A lesson in embracing one’s identity


The Favorite Daughter

The Favorite Daughter
The Favorite Daughter

The Favorite Daughter
Written and illustrated by Allen Say (New York: Arthur A. Levine Books, 2013, $17.99, 32 pp., hardcover)

I love Allen Say. This book, with its watercolor illustrations, has a gentle quality that makes me want to sit right down in a quiet corner to savor it.

In Say’s latest book, “The Favorite Daughter,” he and his daughter are the central characters. Set in San Francisco, the plot involves a father helping his young daughter Yuriko accept her Japanese identity.

During the first of four days Yuriko spends at her father’s home, she asks to borrow a baby photo of herself for a class photo album. He locates a photo of her at age 2 wearing a kimono. After school she recounts how her new art teacher mispronounced her name (Eureka instead of Yuriko); how her classmates later chanted “Yoo-REE-ko in ki-MO-na,” and told her that Japanese dolls have “black hair,” unlike her blonde locks. Wounded by the taunting, Yuriko declares her wish to change her name to an “American name,” perhaps to Michelle.

Father takes her to Friday dinner at her favorite Japanese restaurant (in what looks like Buchanan Mall in San Francisco’s Japantown), introducing her to the familiar sushi chef Kudo as his daughter Michelle. Confused, Kudo says he didn’t know Yuriko had a twin sister. Yuriko tries to explain her new name, and then tells the chef to just call her Yuriko.

Saturday he plans a quick “trip to Japan,” actually a visit to the Japanese Tea Garden in Golden Gate Park. They climb over the Drum Bridge, enjoy green tea and manju, and then Yuriko searches merchandise at the gift shop, lamenting the lack of souvenirs with the name Yuriko. A sumi-e demonstration (brush painting) catches their attention. The painter asks her name, and when she answers “Yuriko,” he tells her it means Child of the Lily, paints her a lily, paints her name in Japanese characters, and presents it to her as a gift. Delighted, she thanks him in Japanese, and decides to learn to write her name in Japanese, too.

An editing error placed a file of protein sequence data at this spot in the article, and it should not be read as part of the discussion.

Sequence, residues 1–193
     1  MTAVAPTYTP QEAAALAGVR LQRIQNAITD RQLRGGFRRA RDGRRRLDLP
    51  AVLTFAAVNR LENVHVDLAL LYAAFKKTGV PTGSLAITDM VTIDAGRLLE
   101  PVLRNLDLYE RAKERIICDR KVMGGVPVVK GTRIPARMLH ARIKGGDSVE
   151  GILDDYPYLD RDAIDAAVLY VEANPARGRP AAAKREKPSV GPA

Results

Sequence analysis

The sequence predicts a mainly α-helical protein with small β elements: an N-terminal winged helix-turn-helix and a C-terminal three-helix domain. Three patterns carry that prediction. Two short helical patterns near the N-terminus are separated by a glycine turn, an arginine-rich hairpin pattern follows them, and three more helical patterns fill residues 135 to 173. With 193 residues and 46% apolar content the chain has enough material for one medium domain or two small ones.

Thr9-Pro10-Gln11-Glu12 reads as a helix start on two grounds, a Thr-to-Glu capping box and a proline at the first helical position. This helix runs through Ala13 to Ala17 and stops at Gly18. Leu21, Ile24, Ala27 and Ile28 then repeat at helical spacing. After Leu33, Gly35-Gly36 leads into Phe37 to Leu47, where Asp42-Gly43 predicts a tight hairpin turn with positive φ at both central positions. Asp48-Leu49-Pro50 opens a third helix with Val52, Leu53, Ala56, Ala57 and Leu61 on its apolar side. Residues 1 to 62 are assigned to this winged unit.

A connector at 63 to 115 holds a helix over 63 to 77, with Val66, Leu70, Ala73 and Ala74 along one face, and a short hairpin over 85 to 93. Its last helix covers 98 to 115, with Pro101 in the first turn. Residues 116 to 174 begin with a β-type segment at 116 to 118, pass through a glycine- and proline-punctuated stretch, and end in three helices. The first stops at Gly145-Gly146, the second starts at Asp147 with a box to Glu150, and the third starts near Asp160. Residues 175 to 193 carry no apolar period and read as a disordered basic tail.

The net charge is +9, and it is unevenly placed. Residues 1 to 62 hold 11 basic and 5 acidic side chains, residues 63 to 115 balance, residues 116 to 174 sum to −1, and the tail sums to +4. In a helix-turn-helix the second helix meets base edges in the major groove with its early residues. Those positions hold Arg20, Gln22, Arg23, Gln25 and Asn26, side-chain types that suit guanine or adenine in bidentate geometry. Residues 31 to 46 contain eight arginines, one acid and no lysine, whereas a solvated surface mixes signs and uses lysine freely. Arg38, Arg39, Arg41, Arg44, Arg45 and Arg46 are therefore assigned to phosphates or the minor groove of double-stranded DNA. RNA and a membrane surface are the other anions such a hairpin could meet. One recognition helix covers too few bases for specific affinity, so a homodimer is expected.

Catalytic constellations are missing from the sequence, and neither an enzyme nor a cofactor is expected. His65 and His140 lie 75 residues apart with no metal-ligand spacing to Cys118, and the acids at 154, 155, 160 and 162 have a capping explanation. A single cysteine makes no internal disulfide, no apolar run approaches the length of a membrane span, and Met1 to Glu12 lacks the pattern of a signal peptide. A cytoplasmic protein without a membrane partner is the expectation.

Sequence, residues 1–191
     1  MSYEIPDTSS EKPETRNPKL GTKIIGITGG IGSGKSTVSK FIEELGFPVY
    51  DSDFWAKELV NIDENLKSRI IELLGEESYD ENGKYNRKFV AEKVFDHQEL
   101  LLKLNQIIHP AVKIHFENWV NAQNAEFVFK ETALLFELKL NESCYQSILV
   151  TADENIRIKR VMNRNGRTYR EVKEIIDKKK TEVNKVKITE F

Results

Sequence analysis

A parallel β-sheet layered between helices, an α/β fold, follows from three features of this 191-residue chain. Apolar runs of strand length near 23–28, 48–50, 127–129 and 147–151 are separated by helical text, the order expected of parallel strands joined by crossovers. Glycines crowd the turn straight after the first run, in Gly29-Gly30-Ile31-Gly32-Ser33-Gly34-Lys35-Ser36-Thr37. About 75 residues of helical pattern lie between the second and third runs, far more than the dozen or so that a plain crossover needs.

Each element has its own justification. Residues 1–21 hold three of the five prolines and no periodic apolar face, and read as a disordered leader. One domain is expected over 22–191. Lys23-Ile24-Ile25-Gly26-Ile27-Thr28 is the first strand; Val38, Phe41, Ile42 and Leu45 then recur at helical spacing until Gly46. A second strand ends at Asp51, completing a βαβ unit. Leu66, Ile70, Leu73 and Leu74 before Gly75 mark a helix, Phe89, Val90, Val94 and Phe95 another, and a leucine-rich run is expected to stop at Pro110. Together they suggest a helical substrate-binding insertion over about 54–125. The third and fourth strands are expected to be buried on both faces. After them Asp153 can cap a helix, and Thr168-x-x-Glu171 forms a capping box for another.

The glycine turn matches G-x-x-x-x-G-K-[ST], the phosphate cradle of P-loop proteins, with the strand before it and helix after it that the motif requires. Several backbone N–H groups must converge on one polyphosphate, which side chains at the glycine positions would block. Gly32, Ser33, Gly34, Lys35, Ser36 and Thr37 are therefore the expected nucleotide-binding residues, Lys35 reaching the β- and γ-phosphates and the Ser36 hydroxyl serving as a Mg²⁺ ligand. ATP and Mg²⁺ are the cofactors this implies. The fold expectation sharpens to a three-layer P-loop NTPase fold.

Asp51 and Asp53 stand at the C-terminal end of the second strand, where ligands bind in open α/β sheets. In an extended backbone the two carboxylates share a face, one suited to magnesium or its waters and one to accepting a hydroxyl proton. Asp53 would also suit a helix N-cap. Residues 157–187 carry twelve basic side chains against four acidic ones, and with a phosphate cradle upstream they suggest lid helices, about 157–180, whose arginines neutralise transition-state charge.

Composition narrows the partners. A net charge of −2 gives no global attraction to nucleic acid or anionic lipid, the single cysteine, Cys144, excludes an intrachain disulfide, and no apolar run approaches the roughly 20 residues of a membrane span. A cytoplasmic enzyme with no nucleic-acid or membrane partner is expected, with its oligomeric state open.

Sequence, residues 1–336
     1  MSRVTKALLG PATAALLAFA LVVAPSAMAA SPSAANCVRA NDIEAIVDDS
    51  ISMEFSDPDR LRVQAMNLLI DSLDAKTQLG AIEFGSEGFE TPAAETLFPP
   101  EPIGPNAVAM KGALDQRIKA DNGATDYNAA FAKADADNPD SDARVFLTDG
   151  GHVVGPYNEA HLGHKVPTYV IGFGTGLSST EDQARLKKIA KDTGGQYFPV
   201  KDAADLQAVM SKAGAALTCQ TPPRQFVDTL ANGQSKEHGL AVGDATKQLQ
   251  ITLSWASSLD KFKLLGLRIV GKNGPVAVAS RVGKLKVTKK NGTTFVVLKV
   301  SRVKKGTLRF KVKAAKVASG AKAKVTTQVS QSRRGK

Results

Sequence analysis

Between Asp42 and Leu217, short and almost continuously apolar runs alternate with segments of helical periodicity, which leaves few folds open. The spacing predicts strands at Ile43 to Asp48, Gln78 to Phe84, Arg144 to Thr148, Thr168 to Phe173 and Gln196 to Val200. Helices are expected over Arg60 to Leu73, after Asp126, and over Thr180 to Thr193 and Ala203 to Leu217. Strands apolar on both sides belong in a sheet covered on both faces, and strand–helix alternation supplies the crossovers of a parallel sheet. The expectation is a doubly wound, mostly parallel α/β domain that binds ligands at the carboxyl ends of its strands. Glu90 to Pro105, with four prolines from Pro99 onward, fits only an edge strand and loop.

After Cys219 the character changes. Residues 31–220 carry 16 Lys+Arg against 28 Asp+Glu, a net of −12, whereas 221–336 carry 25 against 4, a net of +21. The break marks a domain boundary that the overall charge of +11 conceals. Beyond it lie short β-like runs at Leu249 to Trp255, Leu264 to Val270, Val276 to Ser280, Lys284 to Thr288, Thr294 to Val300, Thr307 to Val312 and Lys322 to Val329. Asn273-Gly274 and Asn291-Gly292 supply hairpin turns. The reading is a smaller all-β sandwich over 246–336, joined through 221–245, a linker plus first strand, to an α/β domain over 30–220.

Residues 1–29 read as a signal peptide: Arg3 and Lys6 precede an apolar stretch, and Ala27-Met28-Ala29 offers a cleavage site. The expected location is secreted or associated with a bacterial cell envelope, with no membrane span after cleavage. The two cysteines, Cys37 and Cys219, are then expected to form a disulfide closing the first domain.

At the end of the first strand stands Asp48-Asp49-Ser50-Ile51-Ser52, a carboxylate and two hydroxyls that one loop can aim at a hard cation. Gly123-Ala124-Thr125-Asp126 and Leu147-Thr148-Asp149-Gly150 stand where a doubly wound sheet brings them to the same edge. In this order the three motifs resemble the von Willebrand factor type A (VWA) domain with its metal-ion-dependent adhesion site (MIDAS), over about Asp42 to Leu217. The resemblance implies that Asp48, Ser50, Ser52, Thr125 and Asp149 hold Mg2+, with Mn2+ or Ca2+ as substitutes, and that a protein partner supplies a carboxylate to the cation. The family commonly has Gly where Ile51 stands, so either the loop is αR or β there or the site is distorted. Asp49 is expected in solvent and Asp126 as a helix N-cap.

The last stop of the day is a visit to the Golden Gate Bridge, shrouded in fog. Yuriko frets over having to turn in a likeness of the bridge on Monday to the new art teacher. She complains that all the students’ drawings will look alike. Then she devises a secret project, and spends Sunday morning sequestered in her room working on her creation, a large cotton cloud with the tips of the bridge peeking through and the ocean below. Both father and daughter are pleased with the unique work of art. Signing her name, Yuriko (not Michelle), to her project, she asks her father to take her to Japan someday. And indeed, he does. The final page of the book is a photo of Yuriko in Japan, taken some years later.

Having this glimpse of Allen Say’s world is intriguing. Two previous autobiographical books, “Drawing from Memory,” and “The Ink-Keeper’s Apprentice,” told the story of how he started his career as an artist in Japan. Say’s best-known book, “Grandfather’s Journey,” won the coveted 1994 Caldecott Medal.

Now, with “The Favorite Daughter,” he has added a story drawn from his life as a father, and we have 20 self-portraits throughout the book. Painting himself with hands in pockets, leaning against doorjams, peeking behind a door, Say reveals a low-key, non-confrontational, thoughtful parent who provides his daughter with experiences through which she can discover how she feels rather than giving her advice. Who wouldn’t want to be The Favorite Daughter?

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